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Peter’s Take: Arlington Must Jump Start Long-Range Schools Planning

Peter’s Take is a weekly opinion column. The views and opinions expressed in this column are those of the author and do not necessarily reflect the views of ARLnow.com.

Amazon’s new Arlington HQ injects an even greater sense of urgency into planning for all the new public schools Arlington will need over the next 15 years.

In an interview striving to minimize Amazon’s impact on our schools, County Board Chair Katie Cristol observed:

A job doesn’t create students. A housing unit or a family generates students. Our highest estimates are that 15 to 20 percent (4,000 to 5,000) of these Amazon employees will live in Arlington County. [W]e anticipate that’s between 80 and 100 more students (from pre-K to 12th grade) per year, and that’s at the high peak…

I think the most important thing for our schools is that the increasing tax base coming from [Amazon] could bring up to $360 million over 16 years, of which 46 percent will go to our schools. [E]ven under the most extreme scenarios [that additional revenue] will more than supplement [the increase in student population].

Arlington has failed to develop an integrated, community-supported, long-range financing plan for all necessary new public facilities (including schools)

Arlington prides itself on its comprehensive planning:

But neither APS nor fiscal considerations have been appropriately integrated into any of those long-range plans.

Since Arlington has failed to develop an integrated, community supported, long-range financing plan for all the new public facilities Arlington will need over the next 15 years, we cannot evaluate fully Chair Cristol’s hopes about Amazon’s minimal impact on our schools.

Will we have the bond capacity to make all the transportation (including Metro), affordable housing, schools, parks, fire stations and other public investments that will be required? Will we have such bond capacity under several different, but all plausible, alternative economic scenarios? Note: as taxes increase to meet these added costs, those tax increases will inflate the costs of many other items, including “affordable” housing.

When asked to choose among:

  • “X” more needed new school seats
  • “Y” more needed new acres of park open space
  • “Z” more needed new units of affordable housing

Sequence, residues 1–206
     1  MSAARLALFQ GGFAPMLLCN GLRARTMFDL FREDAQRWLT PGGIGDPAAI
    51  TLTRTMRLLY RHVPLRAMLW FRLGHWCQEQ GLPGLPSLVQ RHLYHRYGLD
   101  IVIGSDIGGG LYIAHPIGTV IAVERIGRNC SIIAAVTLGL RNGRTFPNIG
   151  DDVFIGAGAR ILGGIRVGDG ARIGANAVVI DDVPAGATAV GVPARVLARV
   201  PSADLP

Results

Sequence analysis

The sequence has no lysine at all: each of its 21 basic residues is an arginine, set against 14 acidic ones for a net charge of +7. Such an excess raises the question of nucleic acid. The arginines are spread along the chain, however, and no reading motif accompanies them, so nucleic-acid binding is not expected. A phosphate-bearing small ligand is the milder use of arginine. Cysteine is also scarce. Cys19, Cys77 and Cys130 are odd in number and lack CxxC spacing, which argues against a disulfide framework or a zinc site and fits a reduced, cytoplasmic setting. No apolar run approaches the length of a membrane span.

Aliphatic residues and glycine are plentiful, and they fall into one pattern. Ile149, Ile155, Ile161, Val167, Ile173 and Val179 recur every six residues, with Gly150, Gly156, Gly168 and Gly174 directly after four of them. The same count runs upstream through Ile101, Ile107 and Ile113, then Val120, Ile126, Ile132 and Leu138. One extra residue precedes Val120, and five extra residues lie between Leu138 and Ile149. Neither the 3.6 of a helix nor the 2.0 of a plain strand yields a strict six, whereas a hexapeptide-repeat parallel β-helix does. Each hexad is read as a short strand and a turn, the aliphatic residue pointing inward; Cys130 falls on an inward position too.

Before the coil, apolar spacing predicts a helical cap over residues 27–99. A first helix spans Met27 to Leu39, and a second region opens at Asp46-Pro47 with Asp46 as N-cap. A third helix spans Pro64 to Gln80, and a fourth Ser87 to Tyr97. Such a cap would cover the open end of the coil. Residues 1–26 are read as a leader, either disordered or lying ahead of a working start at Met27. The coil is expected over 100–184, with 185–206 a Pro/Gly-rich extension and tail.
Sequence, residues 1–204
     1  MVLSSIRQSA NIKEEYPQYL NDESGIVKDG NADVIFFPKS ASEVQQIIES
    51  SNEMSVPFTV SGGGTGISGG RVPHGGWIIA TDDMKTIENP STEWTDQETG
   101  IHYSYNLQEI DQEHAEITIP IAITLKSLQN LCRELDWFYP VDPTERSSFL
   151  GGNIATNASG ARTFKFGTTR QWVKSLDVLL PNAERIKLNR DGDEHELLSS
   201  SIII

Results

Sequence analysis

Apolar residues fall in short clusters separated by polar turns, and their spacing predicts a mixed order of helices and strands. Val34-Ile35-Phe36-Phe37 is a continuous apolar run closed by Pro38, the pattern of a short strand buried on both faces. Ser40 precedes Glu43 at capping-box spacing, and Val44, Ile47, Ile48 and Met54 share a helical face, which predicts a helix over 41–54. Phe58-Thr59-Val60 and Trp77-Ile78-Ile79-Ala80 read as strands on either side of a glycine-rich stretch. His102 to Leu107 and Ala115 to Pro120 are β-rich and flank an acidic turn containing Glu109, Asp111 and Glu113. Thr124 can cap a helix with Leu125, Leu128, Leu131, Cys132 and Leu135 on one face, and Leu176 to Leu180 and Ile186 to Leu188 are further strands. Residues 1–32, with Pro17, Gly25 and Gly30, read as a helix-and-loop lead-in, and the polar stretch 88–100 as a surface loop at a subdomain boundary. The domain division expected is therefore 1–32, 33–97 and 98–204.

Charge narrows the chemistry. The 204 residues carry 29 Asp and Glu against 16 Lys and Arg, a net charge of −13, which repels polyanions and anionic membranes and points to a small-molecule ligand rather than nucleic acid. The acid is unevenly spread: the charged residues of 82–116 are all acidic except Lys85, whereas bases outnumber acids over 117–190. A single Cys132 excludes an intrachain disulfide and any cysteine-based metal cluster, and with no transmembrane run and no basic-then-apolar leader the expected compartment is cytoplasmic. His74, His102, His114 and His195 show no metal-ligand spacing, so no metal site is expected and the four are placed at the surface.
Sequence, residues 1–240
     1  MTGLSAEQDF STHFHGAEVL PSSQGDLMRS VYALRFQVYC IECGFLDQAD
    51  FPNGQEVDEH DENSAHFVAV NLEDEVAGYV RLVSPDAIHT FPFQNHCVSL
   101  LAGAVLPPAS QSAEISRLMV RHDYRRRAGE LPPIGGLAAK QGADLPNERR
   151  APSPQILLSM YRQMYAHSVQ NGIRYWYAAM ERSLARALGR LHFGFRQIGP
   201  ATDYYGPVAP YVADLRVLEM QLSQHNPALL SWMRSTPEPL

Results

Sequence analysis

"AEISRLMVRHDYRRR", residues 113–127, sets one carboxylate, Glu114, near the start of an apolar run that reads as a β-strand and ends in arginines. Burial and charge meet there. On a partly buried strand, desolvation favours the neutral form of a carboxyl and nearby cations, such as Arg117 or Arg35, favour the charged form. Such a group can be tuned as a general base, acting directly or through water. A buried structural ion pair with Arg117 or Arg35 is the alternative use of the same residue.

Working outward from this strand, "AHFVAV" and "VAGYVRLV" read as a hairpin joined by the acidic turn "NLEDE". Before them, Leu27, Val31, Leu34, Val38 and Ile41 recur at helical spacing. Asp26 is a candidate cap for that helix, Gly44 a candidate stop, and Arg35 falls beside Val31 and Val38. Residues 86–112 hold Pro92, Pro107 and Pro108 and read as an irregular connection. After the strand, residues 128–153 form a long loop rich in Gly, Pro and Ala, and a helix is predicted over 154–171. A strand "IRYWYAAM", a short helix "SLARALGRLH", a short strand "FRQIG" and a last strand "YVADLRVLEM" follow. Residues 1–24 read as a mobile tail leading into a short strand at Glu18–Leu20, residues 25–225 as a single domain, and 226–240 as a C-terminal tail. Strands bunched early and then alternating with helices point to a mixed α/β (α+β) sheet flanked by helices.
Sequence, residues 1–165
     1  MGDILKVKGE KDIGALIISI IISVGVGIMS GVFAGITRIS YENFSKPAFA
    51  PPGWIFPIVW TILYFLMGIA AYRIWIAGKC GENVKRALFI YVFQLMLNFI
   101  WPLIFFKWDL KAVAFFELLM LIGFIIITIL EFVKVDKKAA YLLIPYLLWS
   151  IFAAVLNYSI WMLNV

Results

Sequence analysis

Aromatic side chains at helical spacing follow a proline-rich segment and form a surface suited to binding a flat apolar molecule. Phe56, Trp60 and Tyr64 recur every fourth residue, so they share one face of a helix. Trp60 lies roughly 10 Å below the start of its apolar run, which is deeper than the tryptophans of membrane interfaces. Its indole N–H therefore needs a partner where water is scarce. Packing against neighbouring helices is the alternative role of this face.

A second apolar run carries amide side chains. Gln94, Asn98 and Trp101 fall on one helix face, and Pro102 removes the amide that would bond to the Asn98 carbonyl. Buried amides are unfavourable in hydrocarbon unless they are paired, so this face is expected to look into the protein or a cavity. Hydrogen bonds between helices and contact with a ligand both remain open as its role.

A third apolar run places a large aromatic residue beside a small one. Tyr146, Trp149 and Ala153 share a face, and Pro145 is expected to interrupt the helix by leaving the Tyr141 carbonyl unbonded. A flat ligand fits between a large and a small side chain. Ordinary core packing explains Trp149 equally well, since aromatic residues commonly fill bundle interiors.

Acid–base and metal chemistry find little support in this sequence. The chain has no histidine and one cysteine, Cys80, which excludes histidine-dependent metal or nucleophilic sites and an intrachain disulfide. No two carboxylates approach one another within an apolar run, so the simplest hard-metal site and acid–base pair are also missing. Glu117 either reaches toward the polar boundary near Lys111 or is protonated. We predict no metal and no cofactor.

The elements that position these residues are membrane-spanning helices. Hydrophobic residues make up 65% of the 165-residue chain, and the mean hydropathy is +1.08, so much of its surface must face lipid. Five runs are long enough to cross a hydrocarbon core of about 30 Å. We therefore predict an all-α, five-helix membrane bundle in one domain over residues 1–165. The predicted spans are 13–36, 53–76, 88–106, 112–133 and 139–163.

we don’t know now how the community would prioritize those choices.

And, it is certain that such choices will be required.

Arlington’s failure to plan appropriately for the impact on APS enrollment of new, large multi-unit housing developments undermines Chair Cristol’s optimism. The county and APS continue to promote the fantasy that new elevator apartments don’t present significant challenges for APS because such apartments generate only 0.08 students per unit. However, the principal challenge we confront isn’t the per-unit generation rate but rather the absolute number of students generated when:

  • thousands of these units are being built every year
  • these units are not evenly distributed across the county

Conclusion

The APS Facilities Advisory Committee (FAC) has prepared an excellent report on future school facilities needs. But many of that report’s recommendations have not progressed due to a lack of an appropriate sense of urgency by the County and School Boards.

Successful long-range (15 years) facilities planning must follow these principles:

  • publication of several alternative financial scenarios and their direct costs, opportunity costs, and benefits
  • soliciting and honoring the community’s priorities among those scenarios
  • specific goals and timetables by which critical decisions must be made
  • clear understanding of who is responsible for meeting those goals and timetables

Arlington lacks an appropriate long-range facilities plan now because it has failed to follow these principles.

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